Cake
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    • > opening prayers in Congress just don't affect government's impact on people's lives.

      I don't agree with this. I agree it doesn't have a direct impact but it has a subtle subconscious context that does indirectly influence our representatives. It implies that religion plays a part in politics. Even though we don't have a national religion, Christianity has a strong pull on a lot the policies and laws that are put into place. Prayers in Congress just reinforces this.

    • If there are 435 members of Congress and 300 of them believe in some form of religion (or not), then by definition, religion plays a part in government.

    • I certainly agree that religion plays a part in politics, and hence, government. That's pretty obvious. But do you really think there would be the slightest change in legislation if Congress eliminated the opening prayer? What policies would change?

    • There would be no immediate change if Congress eliminated the opening prayer. But it does legitimize the bias of religion in politics. By eliminating the prayer the hope would be that over time this bias and influence would be minimized and/or eliminated.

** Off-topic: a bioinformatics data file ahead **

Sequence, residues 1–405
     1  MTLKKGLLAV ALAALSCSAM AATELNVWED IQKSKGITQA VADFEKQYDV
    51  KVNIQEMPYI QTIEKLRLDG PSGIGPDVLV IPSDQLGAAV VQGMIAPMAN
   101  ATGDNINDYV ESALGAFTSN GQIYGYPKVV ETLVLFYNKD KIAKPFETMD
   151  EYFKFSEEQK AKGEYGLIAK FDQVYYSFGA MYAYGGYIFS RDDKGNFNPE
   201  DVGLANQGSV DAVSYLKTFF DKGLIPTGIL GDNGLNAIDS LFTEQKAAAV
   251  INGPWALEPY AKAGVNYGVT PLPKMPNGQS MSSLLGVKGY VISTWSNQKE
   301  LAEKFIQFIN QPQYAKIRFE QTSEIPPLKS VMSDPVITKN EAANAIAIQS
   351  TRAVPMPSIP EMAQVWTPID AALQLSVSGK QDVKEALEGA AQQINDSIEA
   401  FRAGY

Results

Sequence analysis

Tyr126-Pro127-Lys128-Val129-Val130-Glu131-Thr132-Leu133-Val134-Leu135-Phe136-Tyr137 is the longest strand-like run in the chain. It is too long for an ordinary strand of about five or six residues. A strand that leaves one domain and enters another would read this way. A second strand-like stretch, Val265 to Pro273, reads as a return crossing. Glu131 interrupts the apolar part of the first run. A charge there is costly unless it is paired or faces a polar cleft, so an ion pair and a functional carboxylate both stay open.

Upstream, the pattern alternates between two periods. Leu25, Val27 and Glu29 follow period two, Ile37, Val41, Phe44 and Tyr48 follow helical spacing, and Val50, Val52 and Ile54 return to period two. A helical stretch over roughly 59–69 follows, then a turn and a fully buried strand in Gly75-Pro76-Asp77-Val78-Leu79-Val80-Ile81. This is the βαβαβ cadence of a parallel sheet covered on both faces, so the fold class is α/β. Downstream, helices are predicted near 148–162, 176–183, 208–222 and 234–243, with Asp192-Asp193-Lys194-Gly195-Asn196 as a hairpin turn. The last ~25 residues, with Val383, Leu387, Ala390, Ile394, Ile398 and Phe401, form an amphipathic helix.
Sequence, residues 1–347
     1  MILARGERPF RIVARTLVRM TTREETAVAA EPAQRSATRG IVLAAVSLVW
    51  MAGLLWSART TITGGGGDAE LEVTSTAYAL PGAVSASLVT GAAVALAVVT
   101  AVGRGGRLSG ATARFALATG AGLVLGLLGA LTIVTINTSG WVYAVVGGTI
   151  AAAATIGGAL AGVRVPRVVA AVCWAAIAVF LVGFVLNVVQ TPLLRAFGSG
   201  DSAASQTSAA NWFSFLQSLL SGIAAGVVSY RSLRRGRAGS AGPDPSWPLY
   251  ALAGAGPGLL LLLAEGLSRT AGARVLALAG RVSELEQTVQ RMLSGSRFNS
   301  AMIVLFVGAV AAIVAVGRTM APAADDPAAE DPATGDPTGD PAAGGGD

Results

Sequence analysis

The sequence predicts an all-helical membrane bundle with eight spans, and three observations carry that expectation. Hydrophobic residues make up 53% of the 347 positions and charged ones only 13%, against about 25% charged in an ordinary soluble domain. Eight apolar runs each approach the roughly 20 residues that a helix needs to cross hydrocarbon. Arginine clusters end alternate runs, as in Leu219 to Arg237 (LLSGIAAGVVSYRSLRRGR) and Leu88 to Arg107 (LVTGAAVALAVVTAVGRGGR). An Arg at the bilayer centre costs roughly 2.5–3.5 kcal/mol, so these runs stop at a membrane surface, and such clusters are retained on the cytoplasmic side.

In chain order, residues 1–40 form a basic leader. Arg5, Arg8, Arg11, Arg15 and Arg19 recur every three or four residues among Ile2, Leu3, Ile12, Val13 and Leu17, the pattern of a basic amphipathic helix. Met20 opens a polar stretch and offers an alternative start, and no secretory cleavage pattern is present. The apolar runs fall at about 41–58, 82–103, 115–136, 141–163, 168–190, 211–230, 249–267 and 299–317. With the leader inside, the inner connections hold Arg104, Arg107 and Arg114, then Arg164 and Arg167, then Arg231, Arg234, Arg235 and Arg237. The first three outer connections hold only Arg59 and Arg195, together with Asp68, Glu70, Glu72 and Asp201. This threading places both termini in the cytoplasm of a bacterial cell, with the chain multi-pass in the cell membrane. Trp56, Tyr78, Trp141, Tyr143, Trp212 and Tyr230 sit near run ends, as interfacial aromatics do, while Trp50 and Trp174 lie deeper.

• eliminating a prayer won’t eliminate bias. That’s like suggesting desegregation will eliminate racism. Here we are 50 years later and racism isn’t dead yet.

    • Don't get me wrong, we've come a ways. But the thing is, eliminating one thing does not necessarily make another just go away.

    • I'm thinking "Christian" is capitalized because Christ is considered a proper noun (maybe?) Not sure about Monsignor.